Rostie & Associates Inc.

The Counter Offer



Contributor:  Pamela Inglis, Recruiter – Rostie & Associates.

Okay.  This is a tough one.  I know there are a lot of articles out there about this subject – written by people far more eloquent than I am.  But, they basically all say the same thing:


You’re always going to find someone who will tell you that they took a count-offer, got a great big raise and things couldn’t have worked out better.  Believe me, they’re the exception.

Consider things from your employer’s perspective.  Here you come, offer in hand from a competitor.  Do they really want you going there?  I’m sure there are many reasons why they wouldn’t, regardless of how much integrity you have.  Perhaps you’re a sales rep and you’ve got deals underway.  Do they risk losing the deal if you’re not there to close it?   Perhaps the timing isn’t good – maybe, unbeknownst to you, one of your colleagues just gave their notice.  Regardless of the reasons they’re going to be in the position of having to back-fill your role – and not at their convenience.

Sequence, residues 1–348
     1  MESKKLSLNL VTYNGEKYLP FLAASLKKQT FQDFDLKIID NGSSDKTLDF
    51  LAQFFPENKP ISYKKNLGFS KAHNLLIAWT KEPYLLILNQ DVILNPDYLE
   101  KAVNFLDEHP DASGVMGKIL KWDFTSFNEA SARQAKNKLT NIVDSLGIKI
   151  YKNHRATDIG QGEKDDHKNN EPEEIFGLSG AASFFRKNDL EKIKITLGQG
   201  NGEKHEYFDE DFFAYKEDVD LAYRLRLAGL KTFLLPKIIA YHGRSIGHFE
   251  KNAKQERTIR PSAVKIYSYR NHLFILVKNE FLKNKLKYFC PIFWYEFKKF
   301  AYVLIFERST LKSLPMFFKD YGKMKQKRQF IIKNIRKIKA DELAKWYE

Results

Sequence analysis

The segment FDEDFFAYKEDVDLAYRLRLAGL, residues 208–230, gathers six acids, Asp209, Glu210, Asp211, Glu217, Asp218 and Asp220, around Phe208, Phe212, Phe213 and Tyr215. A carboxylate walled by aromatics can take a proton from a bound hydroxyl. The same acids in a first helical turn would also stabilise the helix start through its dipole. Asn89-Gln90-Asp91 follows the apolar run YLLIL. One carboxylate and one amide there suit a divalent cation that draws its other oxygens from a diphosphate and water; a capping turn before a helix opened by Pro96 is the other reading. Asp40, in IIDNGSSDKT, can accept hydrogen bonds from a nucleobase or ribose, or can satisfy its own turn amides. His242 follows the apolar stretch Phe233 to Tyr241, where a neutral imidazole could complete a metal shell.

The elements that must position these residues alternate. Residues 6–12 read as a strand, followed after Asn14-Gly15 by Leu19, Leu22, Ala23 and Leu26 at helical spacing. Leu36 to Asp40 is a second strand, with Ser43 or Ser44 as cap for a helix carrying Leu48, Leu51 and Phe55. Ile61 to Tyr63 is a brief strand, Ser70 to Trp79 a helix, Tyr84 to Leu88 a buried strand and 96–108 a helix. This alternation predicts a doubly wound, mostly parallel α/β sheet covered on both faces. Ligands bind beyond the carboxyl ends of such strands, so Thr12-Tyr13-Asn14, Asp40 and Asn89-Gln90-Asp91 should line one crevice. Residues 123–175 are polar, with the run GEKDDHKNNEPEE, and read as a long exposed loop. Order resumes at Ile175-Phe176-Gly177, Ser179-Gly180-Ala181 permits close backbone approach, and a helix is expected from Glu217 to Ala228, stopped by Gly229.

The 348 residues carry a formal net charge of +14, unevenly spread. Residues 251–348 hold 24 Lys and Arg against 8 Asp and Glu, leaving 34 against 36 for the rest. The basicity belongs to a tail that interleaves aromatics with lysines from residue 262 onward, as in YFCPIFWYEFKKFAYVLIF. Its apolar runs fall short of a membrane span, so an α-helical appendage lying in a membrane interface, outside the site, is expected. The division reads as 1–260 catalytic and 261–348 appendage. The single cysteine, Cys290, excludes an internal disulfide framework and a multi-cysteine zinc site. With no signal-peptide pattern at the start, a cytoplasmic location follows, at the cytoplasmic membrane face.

If you do accept a counter-offer you need to be prepared for the consequences  because they are not going to forget that you (probably) took time off to interview elsewhere and were seriously considering leaving their employ.  Could be an opportunity for a promotion that passes you by; or no raises again – ever.  Or, worst, and most likely case, they will let you go when it’s convenient for them.  And that opportunity you had?  Long gone.

So, consider this, if the only reason you’re considering making a move is salary, pull up your garters and have an open and honest talk with your boss.  I know what you’re thinking, it may not go well.  And it might not.  But at least you’ll know where you stand.

You also have to consider that if they’re not willing to give you a raise, one that you truly believe you deserve, then it’s probably time to call your favourite recruiter.

Exit mobile version